So ultimately, the Walker was not produced in particularly large numbers, like I said, only 1100 of them were made initially, but these would go on to financially resurrect the Colt company. These became popular, they became very well-known, especially their association with Texas Rangers, and later guns would start to address some of the issues that made this a bit of an impractical gun. Frankly it was so heavy that it worked really well on holsters mounted to a saddle, not a very good belt gun. Just, again, ludicrously heavy. So, the next pattern guns Colt would make would be the Dragoons, which would have shorter barrels, they would have shorter Cylinders with slightly lower powder charges, especially in 44 caliber, these were still powerful guns, but not to the over-the-top level of the Walkers.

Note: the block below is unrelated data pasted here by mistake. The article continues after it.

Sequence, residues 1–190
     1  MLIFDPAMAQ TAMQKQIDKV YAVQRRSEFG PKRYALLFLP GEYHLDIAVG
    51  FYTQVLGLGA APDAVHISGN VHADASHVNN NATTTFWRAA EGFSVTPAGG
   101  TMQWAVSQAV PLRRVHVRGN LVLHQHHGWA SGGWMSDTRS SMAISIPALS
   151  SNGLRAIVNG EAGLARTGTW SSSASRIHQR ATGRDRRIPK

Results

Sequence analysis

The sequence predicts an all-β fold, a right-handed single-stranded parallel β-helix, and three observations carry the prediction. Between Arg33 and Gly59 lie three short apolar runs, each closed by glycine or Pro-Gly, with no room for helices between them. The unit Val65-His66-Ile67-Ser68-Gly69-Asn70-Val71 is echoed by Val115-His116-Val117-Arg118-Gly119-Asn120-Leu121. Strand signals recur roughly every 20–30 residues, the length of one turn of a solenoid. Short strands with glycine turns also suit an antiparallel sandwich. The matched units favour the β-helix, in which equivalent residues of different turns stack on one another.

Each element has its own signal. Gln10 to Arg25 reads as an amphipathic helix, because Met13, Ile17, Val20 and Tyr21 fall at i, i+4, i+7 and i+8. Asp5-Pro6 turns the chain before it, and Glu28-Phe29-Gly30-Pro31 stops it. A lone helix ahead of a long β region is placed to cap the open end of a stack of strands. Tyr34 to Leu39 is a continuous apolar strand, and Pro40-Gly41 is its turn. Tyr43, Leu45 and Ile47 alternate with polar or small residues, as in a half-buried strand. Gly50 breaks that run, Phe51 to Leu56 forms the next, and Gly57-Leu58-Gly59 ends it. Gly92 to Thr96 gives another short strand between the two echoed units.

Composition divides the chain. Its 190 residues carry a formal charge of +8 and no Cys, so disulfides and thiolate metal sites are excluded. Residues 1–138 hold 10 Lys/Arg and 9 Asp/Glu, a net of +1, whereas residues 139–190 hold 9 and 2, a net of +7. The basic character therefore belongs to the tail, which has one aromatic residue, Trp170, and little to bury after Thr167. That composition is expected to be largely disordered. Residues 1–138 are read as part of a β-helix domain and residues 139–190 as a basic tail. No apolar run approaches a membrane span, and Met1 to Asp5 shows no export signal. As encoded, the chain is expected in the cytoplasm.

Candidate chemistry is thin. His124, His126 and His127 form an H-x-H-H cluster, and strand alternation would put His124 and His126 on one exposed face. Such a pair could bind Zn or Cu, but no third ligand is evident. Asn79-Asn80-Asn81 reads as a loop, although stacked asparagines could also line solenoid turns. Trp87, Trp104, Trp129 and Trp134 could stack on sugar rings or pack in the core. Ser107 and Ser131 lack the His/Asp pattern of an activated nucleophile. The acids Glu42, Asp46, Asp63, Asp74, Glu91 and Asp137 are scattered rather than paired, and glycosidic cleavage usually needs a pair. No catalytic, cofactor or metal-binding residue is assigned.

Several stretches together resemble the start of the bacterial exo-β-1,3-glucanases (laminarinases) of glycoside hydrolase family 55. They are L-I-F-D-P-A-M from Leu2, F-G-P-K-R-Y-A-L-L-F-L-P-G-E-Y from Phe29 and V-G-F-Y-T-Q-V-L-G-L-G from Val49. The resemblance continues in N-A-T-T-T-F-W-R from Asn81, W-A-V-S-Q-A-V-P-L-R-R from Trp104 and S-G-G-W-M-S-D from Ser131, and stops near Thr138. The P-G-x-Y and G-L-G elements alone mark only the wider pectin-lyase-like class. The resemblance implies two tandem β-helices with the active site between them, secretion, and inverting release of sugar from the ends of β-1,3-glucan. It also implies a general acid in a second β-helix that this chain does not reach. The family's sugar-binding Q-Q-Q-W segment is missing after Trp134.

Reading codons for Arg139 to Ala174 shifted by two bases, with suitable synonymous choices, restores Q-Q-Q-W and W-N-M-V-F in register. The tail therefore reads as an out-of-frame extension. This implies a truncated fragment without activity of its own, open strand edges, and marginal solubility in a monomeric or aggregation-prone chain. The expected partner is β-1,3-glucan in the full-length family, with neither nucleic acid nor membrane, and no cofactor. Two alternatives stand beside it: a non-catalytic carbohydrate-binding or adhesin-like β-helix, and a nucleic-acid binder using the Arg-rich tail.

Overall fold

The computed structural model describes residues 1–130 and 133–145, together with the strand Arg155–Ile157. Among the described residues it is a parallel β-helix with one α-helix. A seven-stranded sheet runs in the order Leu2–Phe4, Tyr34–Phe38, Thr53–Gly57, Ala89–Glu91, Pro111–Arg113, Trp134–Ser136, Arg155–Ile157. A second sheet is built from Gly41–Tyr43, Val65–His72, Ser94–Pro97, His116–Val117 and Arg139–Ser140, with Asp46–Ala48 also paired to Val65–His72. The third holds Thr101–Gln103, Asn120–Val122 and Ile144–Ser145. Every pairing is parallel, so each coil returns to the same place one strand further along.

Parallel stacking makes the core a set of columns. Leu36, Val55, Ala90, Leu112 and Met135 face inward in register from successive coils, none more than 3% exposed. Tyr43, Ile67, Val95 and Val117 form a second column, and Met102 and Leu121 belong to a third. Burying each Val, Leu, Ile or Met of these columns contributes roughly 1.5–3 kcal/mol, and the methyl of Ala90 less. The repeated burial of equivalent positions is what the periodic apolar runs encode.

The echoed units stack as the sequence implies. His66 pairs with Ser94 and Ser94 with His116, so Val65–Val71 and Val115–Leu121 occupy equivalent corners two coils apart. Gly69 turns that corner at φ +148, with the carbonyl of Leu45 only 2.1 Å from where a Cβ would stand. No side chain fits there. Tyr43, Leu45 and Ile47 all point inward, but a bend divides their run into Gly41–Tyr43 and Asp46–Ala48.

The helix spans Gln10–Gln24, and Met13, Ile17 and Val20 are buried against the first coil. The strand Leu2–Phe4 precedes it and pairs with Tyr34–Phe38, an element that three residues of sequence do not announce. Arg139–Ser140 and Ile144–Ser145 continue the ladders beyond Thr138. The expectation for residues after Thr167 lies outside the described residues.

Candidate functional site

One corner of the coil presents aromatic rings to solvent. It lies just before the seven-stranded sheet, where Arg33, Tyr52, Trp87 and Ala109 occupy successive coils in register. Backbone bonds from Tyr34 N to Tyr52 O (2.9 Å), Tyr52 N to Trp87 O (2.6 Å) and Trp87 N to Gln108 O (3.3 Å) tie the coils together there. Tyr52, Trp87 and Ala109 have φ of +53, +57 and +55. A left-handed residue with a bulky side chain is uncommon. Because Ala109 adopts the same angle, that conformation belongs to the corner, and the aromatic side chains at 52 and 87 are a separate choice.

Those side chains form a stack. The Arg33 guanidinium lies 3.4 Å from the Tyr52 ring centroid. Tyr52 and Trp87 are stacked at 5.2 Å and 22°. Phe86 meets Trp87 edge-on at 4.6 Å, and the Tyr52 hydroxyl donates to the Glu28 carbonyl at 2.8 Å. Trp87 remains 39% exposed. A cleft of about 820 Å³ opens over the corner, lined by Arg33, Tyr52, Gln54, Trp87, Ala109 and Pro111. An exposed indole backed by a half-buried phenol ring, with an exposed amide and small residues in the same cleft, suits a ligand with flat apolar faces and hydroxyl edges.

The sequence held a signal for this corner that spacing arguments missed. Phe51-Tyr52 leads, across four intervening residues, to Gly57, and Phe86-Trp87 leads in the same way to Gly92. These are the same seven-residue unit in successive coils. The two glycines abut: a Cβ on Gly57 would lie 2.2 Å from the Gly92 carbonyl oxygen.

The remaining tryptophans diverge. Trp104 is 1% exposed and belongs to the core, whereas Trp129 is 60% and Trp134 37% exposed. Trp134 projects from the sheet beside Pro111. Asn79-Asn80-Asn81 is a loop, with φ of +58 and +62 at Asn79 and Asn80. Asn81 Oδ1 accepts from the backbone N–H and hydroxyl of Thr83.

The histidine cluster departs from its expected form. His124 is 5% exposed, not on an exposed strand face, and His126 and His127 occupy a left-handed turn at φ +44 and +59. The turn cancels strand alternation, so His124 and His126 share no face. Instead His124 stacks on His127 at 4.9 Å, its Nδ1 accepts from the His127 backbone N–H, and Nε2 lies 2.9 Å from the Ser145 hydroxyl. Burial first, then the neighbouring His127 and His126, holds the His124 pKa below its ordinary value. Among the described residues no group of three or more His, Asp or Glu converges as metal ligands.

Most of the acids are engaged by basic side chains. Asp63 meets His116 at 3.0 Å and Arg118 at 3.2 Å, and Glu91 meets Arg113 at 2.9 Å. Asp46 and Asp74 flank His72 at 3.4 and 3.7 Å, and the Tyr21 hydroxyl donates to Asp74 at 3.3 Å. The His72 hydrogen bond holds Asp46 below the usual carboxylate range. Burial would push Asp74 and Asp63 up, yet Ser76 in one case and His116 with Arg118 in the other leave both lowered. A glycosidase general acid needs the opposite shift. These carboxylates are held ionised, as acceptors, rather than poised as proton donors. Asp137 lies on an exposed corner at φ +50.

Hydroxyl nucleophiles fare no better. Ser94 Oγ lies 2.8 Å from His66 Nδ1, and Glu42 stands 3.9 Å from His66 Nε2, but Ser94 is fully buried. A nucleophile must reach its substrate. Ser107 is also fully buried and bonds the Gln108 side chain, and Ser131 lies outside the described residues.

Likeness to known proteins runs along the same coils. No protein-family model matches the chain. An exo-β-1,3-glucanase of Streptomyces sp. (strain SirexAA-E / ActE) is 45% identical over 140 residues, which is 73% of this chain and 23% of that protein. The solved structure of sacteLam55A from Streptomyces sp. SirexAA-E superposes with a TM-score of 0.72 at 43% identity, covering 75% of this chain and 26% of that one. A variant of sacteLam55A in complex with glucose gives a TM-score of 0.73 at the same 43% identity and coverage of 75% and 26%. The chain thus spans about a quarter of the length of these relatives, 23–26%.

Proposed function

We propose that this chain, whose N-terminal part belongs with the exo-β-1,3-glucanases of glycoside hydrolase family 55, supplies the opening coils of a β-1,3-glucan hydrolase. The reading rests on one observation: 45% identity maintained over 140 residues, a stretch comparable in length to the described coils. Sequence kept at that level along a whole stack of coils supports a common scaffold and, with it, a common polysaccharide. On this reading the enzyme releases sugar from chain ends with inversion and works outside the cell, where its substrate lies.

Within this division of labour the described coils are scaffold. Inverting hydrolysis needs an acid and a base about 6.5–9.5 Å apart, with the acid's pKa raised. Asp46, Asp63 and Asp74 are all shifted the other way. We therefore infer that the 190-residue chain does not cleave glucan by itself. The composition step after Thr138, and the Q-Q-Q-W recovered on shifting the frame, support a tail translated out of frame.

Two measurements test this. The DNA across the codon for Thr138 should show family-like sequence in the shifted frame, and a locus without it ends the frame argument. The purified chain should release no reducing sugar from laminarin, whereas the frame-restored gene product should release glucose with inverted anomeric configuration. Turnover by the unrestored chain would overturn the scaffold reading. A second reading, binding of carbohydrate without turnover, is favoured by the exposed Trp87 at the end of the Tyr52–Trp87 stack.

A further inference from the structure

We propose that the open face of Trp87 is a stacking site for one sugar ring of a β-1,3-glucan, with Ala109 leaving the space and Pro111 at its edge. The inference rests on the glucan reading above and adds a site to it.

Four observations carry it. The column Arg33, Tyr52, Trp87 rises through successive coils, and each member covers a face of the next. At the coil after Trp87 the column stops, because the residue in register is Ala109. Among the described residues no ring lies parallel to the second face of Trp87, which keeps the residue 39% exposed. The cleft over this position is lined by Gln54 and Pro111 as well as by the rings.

And from there the guns evolved into the 1851 Navy and the 1860 Army, which were some of the most common and the most popular percussion revolvers ever made.
Well thanks for watching, guys, I hope you enjoyed the video. Yet again we have a ludicrously oversized pistol with a relationship to Texas. How strange. At any rate, if you’d like to own this one yourself, Walkers are a massively collectable part of American firearms history.
Sources: Eric Nestor, Forgotten Weapons Youtube